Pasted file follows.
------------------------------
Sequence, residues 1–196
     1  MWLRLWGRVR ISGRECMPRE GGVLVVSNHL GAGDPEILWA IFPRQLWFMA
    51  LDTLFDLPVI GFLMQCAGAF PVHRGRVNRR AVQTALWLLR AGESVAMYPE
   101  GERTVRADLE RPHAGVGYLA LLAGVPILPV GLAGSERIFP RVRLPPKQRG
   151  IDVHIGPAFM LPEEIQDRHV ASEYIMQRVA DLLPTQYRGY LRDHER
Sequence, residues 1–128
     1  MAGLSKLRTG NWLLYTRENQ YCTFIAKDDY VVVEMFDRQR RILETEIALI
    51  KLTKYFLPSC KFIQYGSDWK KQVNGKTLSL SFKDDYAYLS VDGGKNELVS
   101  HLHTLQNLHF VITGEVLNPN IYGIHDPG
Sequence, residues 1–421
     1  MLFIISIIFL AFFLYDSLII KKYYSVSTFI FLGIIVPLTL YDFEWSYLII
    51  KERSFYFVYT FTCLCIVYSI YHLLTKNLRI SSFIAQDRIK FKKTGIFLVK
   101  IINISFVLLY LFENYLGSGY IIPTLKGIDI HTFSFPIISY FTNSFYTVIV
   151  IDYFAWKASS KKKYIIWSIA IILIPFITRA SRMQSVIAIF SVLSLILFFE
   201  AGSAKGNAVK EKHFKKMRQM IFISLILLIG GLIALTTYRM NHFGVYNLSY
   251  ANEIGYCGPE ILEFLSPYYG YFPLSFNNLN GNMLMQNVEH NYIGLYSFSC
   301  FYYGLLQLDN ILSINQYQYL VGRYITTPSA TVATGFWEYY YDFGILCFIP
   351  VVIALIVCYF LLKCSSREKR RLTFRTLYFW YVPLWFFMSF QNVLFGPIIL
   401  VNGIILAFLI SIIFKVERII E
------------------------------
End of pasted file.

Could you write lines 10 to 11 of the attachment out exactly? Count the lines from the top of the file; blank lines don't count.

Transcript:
Sequence, residues 1–421
     1  MLFIISIIFL AFFLYDSLII KKYYSVSTFI FLGIIVPLTL YDFEWSYLII